Once you have the two accounts set up, do the following:

  1. Figure out how much money you're going to set aside for your spending/savings accounts. Take the rest as investment funds.
  2. Put $5,500 into the Roth IRA. If you have less than that, put as much as you can and call it a day.
  3. I recommend investing all of it in the Vanguard Target Retirement 2060 Fund (note: you can buy funds by clicking on the Roth IRA account link and then clicking "Buy and Sell" > "Buy Vanguard Funds"). This particular fund is cool because they shift the underlying assets over time based on how close you are to retirement, but it's still a low management fee.
  4. Put the rest of your investment funds into your brokerage account.
  5. Here it gets a bit more hazy. I encourage you to look at what mutual funds Vanguard offers and pick one that's good for you---try out their fund recommender. Generally, your strategy should be to split your investments between stock indexes (risky securities) and bond indexes (stable securities). Start out with more stock holdings, and then as you get older, shift more of your money into bonds. According to Bogleheads, a good rule of thumb is to have "roughly your age in bonds," so in your 20s you want 20ish percent bonds and 80 percent stocks. Specifically, I use a balance of the Vanguard Total Stock Market Index Fund and the Vanguard Total Bond Market Index Fund.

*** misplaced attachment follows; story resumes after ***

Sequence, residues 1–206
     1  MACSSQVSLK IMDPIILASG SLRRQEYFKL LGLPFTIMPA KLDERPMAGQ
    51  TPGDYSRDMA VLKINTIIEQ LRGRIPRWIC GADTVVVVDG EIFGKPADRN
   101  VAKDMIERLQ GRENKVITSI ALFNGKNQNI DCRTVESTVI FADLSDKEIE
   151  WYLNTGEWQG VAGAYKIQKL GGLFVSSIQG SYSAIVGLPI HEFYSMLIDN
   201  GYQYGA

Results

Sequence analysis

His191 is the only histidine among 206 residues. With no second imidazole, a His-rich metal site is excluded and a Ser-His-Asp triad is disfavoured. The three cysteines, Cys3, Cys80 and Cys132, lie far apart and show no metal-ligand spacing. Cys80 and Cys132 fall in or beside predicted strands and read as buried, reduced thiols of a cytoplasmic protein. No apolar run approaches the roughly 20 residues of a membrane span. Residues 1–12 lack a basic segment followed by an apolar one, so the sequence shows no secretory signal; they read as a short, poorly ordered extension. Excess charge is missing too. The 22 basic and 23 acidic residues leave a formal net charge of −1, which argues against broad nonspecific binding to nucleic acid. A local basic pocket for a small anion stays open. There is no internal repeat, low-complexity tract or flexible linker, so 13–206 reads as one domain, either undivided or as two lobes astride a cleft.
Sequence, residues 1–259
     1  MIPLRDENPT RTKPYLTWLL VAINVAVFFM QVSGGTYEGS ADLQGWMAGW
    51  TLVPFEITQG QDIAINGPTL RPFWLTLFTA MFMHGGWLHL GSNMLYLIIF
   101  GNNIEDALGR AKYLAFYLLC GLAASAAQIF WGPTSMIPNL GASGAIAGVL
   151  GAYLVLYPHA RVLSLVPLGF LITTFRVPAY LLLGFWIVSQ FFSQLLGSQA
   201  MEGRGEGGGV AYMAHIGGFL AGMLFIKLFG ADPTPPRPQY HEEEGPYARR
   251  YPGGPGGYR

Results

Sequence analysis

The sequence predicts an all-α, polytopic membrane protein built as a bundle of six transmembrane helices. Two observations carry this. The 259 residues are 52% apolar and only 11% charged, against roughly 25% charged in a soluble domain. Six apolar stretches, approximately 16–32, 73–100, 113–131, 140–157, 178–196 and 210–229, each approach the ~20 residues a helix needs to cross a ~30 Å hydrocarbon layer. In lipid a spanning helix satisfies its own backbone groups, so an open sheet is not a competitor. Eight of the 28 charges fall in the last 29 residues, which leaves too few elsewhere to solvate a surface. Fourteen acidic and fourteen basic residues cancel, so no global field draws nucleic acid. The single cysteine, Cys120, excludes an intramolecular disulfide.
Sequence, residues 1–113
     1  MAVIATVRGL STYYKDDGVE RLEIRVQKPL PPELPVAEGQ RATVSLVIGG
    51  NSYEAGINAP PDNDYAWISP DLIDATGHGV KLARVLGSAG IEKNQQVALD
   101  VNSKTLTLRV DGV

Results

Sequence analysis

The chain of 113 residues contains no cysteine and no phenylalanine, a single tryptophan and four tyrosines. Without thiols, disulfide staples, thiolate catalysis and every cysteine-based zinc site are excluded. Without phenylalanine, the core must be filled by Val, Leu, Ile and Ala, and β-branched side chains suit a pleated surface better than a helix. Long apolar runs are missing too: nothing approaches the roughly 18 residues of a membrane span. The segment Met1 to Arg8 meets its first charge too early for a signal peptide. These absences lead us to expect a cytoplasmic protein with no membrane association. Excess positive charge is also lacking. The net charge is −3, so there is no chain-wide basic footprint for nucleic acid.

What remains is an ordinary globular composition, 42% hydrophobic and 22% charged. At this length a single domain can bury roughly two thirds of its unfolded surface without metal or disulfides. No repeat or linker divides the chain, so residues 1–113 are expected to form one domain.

And that's it! Your finances look a lot better than when your money was just sitting in a bank. Again, I want to reiterate that this is what I've learned over the last year from talking to friends and also interning at Jane Street. If you know a finance guru, great, ask them for advice. If, however, you're like I was a year ago with no clue how to manage finances because no one ever told you, hopefully this post can put you on the right track.

If you have comments, questions, or critiques, feel free to contact me at crichton.will@gmail.com.

References

[1] http://www.gobankingrates.com/savings-account/what-average-savings-account-interest-rate/

[2] https://investor.vanguard.com/mutual-funds/list?assetclass=stk#/mutual-funds/asset-class/month-end-returns

[3] Note that this is an ETF (Exchange Traded Fund), not a mutual/index fund, so you have to buy it in a different way. See Investopedia for the difference.